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Livebearer vs. Egg Layers

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While most of the world's thousands of fish species lay eggs, more than 500 species of fish reproduce by giving live birth. This includes fish from wildly different classes and families. Vivpary, or giving live birth, has some advantages over egg-laying, along with a few drawbacks.

Livebearing Fish

Vivipary evolved multiple times in fish. This is evidenced by the fact that it shows up in unrelated species. Some groups of fish that reproduce by live birth include such varied species as the coelacanth, some sharks and the familiar guppy. Unlike mammals, most female fish that give live birth provide little nutrition for their developing young. However, like most rules in biology, a few exceptions exist. Some fish related to the guppy provide nutrition to their developing young like mammals do.

Advantages of Livebearing

Vivipary offers a few advantages over egg-laying. The mother's body provides the developing young protection. The arrangement also allows the young to start life on the outside more developed than egg-layers. Live-bearing fish usually start life as miniature versions of the adults, better able to care for themselves. Additionally, vivipary allows more mobility during development. While eggs are usually stuck wherever they landed, a pregnant fish can move to new areas if conditions change. Tying in with this, a single pregnant female can spread the species to a new area.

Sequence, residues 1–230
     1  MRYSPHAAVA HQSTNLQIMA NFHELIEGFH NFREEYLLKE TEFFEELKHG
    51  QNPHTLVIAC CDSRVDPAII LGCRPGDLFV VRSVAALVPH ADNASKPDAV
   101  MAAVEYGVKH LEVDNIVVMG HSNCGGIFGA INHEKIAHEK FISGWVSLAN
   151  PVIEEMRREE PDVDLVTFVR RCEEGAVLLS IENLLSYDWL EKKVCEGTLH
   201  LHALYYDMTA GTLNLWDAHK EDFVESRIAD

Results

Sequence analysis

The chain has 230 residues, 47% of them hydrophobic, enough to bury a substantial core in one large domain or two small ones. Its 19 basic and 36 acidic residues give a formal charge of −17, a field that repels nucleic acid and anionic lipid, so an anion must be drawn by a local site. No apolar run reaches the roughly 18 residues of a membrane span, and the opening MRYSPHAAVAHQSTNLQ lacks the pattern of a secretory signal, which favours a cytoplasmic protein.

Disadvantages of Livebearing

Vivipary does have a few minor drawbacks. Female livebearers usually have smaller broods than their egg-laying counterparts. However, since their young are more developed, they typically have higher survival rates. The biggest reason that vivipary is not more common in fish is that it requires a series of modifications to the "standard" fish reproductive system, making it less like likely to evolve.

Parental Care

Some egg-laying fish make up for the disadvantages of egg laying through behavioral changes, particularity parental care. This takes a number of different forms across different species of fish. For example, sicklebacks and cichlids are both known for creating nests for their young. Additionally, some fish, like cardinalfish and jawfish, carry their developing eggs, and even young, around in their mouths. Other fish, like bettas and certain catfish, go as far as creating nests out of bubbles and plant matter.